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10 Vintage Things You Can Do Right Now to Be Awesome

10 Vintage Things You Can Do Right Now to Be Awesome

I love vintage stuff. Remember when everybody was wearing vintage sports jerseys?

Personally, the vintage sports phase was alright, but I didn’t start buying Brooklyn Dodgers stuff. That’s not really the vintage style I like. I like “old-school living” vintage. You know, a less technology way of life.

Here are ten ways to be awesome by incorporating a little vintage into your life:

1. Smoke a Pipe

I love a good cigar, but recently I’ve recognized the magic of smoking a tobacco pipe. It’s unique and it’s an art. Not only does it take time to learn how to light a tobacco pipe and get really good at it, it’s also an instrument that requires respect; you have to clean it and take care of it.

I’ve even thought people who want to quit smoking should invest in a pipe and smoke that way. Why? Well, every time they want a smoke they’d have to stuff it with tobacco, get it lit, keep it lit, then clean it afterwards. I bet it would prevent many smokers from smoking so much.

To be clear, I don’t puff on my tobacco pipe on a regular basis. I just like smoking my pipe whenever the mood hits. (is there a way to not make that sound sexual in any way? Get your mind out of the gutter folks)

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2. Read a Novel from Before 1950

Read some old literature—the good stuff. The early 1900’s produced a great amount of quality fiction; Ask The Dust, by John Fante, For Whom The Bell Tolls, by Ernest Hemingway, The Grapes of Wrath, by John Steinbeck, Gone With The Wind, by Margaret Mitchell, to name a very select few.

Schedule a night to turn off your television, your phone, your computer, and anything else that will distract you. Set aside 2-3 hours and just sit with a cup of tea, if you’d like, and read a book. It might feel like you’re “wasting” time, but you aren’t. Forget about the latest Tweet or Facebook post; get lost in a good book—it’s an awesome thing to do.

3. Take a Long Walk As Your Exercise for the Day

We are fitness obsessed. It’s all about insane workouts and making sure you jam enough protein down your gullet. Here’s a wild idea: go for a walk; a long one. Don’t plug your ears with music either—listen to the sounds surrounding. Be in touch with the world, connect to it.

A long walk is not only good for the heart, it’s good for the mind. Breathe deeply while you walk, make each step purposeful. Enjoy the weather, rain or shine, be present in the moment of walking. It’s mind freeing.

4. Have a Bath

We are so rush-rush these days it’s hard to find time to get everything done, let alone relax. Taking 15 minutes to pour yourself a hot bath at night, however, can do wonders for your mental and physical health. It helps with blood circulation and can help you get a night of beautiful deep sleep. Mentally it will help you, well, relax. In this day and age, that’s critical.

5. Write a Letter to a Loved One By Hand (Bonus Points On a Typewriter)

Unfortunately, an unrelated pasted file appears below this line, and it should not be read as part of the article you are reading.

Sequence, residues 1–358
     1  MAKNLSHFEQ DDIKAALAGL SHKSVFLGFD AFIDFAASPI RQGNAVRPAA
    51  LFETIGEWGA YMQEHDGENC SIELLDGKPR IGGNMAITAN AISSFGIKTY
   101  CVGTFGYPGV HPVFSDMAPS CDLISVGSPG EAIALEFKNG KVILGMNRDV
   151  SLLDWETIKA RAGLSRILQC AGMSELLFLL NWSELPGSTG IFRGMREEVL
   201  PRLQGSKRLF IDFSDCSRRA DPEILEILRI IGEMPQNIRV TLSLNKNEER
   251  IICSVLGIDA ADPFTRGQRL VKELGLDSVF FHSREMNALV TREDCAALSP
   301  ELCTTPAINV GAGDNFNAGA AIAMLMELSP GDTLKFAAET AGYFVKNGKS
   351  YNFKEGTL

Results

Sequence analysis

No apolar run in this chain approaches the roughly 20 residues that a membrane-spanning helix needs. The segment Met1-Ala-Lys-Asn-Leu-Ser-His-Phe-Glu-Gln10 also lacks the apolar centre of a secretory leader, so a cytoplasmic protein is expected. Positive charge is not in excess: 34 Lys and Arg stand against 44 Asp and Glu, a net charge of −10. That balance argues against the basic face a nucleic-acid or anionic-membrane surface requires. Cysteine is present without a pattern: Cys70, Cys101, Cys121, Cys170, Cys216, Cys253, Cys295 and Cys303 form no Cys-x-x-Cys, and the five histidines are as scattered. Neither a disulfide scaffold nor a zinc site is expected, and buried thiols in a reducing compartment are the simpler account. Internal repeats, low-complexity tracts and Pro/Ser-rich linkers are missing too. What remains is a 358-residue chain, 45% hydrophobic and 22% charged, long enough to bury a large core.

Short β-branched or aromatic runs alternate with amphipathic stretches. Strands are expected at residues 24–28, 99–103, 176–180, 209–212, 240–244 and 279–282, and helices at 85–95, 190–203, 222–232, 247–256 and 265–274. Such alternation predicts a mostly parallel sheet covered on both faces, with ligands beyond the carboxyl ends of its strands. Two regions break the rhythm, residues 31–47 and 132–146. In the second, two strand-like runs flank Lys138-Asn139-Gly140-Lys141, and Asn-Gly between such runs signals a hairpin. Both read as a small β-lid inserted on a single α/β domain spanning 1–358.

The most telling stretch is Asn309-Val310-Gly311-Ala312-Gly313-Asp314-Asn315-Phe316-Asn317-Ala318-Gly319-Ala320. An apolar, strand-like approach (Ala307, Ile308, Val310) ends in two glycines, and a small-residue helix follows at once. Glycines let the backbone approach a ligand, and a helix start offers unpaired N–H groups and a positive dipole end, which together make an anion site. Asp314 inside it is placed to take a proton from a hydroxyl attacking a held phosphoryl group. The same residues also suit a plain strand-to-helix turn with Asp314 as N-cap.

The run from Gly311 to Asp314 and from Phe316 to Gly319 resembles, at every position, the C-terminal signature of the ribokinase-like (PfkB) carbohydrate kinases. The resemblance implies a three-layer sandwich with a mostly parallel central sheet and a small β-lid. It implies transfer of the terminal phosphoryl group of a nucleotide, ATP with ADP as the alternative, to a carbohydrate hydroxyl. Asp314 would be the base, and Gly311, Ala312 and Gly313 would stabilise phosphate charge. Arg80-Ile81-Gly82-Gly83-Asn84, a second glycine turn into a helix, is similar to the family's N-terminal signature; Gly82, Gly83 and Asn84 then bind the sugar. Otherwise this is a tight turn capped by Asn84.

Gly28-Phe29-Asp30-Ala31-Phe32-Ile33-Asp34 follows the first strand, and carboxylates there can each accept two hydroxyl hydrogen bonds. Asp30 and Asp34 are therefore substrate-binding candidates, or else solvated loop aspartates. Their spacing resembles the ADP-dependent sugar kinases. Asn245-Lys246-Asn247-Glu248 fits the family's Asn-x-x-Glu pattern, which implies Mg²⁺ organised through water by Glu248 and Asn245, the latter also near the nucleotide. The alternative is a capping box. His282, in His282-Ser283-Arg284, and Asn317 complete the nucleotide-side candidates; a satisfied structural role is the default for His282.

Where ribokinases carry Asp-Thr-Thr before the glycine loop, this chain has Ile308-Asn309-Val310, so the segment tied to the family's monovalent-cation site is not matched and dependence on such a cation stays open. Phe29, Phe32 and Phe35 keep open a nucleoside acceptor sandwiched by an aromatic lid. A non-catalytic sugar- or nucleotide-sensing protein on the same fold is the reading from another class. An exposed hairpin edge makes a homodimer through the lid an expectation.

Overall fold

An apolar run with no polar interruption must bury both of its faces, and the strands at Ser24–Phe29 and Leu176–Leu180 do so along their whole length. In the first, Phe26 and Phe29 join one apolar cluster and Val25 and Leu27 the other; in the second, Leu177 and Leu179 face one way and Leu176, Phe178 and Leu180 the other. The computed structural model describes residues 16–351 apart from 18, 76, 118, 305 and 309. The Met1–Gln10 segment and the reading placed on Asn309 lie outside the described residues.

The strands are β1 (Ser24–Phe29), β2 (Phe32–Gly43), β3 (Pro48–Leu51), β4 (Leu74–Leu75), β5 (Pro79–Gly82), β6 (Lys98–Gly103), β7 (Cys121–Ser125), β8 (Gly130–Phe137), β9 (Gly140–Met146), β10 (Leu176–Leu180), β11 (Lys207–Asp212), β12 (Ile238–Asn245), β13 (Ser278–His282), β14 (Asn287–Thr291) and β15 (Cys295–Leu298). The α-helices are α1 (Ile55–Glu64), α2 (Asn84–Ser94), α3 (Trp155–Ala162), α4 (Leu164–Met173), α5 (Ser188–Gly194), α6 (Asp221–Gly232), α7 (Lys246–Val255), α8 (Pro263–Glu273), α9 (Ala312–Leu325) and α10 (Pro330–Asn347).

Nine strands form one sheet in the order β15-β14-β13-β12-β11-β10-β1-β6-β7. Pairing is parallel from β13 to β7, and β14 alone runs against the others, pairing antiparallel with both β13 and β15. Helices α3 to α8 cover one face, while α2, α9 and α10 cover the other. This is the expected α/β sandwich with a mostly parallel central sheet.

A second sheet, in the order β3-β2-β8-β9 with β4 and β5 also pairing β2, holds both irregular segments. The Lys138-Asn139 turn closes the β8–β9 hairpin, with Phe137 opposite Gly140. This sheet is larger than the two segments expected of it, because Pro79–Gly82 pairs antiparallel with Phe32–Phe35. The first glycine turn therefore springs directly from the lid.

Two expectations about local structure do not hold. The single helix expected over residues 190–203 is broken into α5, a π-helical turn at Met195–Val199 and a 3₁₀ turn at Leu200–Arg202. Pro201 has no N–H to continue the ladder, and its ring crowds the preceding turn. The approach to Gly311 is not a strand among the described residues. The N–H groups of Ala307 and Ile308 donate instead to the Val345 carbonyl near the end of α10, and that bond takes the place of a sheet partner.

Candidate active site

It’s so easy to send a quick text or an email to someone, and rarely do they mean anything. What does mean something, however, is a hand written letter. Why? Because you have to the take time to write it out, fold it, place it in an envelope, and walk it down to a mailbox. That sounds rather simple, but when’s the last time you’ve done it?

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Letters have meaning. Do meaningful things for people. It can change their world, and yours.

Write a letter to a loved one today. My grandpa and I have been doing this for a couple years. It has developed a unique, deep connection between us that I cherish greatly.

6. Dress With Care When Going Out

I’m guilty of this more then I’d care to admit. Being a writer, it’s far too easy to run out the door wearing track pants and an old t-shirt. I don’t dress up for work because I don’t have too. That’s lazy.

Dressing up is a way to respect ourselves. Remember when people used to dress up to go to sporting events, or any event for that matter? No matter what you are doing in your day, take the time to put on some nice clothes and hit the town. Not only will you look impressive, but you’ll feel impressive.

7. Wash All Your Dishes By Hand

The invention of the dishwasher made cleaning up dinner so easy that, sometimes, I don’t do it until the next morning. When is the last time you washed every pot, plate, fork, and cup after dinner by hand? That’s what I thought.

Washing everything by hand allows you to take the time to just be with whomever you are washing with. And if you’re washing alone, it allows you time to be mindful and distracts you from rushing over to the television. As tempting as that television looks, you don’t need to watch it, remember that.

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8. Be Present With Each Other While Eating Dinner

Growing up, we had family dinners. We would all sit around the table and talk about our day. Now, for most families, those style dinners are for special events, only. It’s far too easy to plop down with the television on and watch the news while everybody is eating. I remember getting upset that dinner was at 5:15pm because The Simpsons were still on. In hindsight, The Simpsons have never helped me be a kinder and fuller human being, so family dinner should have taken priority.

Another failure at the dinner table is phone checking constantly for the latest tweet or “urgent” text message. It’s making us stupid. Put the phones away! Talk to each other. And if you don’t talk, sit in silence and respect the meal. Silence while together can be a powerful experience. In this noisy world we have become uncomfortable with silence. Embrace silence, be mindful, relaxed in its presence.

9. Play Cards for Date Night

Instead of having yet another movie date, why not play cards? You can even have fun creating your own card games or add fun stipulations for the winners or losers. Every time I make up card game rules it’s usually based around the goal of getting my wife naked, but I digress.

Playing cards can make conversation lively and entertaining.

With the stress of life, we constantly fall into mindless activities, when in truth, we should be doing mindful activities. It keeps us present, something many struggle with.

10. Listen to the Game On the Radio